When I was at Sundance, I avoided An Inconvenient Truth because, you know, hearing that they’ve finally made a movie out of the Al Gore lecture series isn’t exactly thrilling news to a cinephile. But when it finally opened commercially and my wife dragged me to see it, I was pleasantly surprised — it’s not just a competent big-screen presentation of a fairly cogent thesis on climate change, but it has a striking visual presence as well. The slightly soft, lushly saturated HD imagery is easy on the eyes and old Al seems maybe to have had that stick surgically extracted from his butt — he’s never looked looser and more comfortable.
I groused at first about the frequent interruptions for short bits of documentary that meditated respectfully on the man behind the mission — they seemed a little campaign-filmy to me — but on further reflection they started to seem key to the overall experience. These are supposed to be the sequences where you get an idea of Al Gore as a human being rather than a slide-presentation drone, but they also nudge the film into personal cinema territory in terms of what they tell us about the sensibility of the filmmaker and his own relationship to the subject. In other words, it’s a mash note, but a surprisingly compelling one.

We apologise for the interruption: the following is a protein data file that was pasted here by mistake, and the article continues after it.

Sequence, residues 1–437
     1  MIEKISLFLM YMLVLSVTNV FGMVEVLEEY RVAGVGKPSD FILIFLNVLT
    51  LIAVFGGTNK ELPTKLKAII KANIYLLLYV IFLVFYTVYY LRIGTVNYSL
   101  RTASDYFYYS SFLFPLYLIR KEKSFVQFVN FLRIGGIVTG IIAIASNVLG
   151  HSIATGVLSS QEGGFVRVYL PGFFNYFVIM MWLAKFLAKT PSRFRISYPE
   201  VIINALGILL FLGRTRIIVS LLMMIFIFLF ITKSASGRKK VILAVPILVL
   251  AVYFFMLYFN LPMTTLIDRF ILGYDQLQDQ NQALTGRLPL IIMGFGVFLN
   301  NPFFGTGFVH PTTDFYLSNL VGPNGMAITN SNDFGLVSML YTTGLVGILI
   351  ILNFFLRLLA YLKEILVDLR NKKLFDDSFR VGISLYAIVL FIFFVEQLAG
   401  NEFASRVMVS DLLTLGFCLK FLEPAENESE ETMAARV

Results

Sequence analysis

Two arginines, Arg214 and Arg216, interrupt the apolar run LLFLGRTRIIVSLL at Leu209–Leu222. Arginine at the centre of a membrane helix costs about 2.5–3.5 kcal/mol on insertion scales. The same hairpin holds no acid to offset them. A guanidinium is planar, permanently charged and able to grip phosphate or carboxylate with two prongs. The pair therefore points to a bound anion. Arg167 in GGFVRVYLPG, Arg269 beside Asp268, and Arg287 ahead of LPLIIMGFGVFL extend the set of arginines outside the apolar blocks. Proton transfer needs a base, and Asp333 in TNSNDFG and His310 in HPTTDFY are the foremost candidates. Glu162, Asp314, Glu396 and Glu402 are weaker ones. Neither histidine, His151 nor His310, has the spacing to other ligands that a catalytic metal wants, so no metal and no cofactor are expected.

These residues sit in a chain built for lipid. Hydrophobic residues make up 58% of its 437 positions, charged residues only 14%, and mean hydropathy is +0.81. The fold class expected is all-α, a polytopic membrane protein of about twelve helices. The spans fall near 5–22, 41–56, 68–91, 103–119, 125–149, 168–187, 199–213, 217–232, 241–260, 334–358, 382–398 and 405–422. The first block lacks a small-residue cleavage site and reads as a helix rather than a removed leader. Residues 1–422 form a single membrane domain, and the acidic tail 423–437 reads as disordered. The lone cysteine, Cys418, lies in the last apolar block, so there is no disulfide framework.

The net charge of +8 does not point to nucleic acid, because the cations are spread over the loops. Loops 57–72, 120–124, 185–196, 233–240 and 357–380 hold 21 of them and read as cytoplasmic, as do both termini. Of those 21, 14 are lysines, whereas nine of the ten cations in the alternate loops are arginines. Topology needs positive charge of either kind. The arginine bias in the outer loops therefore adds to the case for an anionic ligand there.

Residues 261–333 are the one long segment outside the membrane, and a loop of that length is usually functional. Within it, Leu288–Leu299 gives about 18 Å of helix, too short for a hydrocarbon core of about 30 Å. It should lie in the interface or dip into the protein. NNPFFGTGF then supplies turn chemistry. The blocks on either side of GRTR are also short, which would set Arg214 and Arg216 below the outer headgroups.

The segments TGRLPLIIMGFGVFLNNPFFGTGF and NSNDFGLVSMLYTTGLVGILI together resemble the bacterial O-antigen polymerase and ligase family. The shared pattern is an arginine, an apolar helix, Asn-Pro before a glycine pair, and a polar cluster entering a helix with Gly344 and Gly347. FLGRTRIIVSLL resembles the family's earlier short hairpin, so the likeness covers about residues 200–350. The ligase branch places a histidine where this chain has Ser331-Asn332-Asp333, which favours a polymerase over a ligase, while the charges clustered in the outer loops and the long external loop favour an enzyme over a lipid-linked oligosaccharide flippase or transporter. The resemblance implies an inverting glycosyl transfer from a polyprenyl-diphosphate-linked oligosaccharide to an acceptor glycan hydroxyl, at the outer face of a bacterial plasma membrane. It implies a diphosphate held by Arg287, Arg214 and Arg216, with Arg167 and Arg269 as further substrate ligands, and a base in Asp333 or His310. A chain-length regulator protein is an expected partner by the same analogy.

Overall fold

Anyway, I talked to director Davis Guggenheim and editor Dan Swietlik about the project for Film & Video. I was a little surprised to learn that Gore himself was involved in the editorial process — I’d imagine that’s a tricky situation for any non-fiction filmmaker to get involved in, where you have to deal with the subject of the film hanging around the editing room — but it’s hard to tell how much influence he might have had, beyond dictating which bits of his presentation could be trimmed and which bits had to stay in the final cut.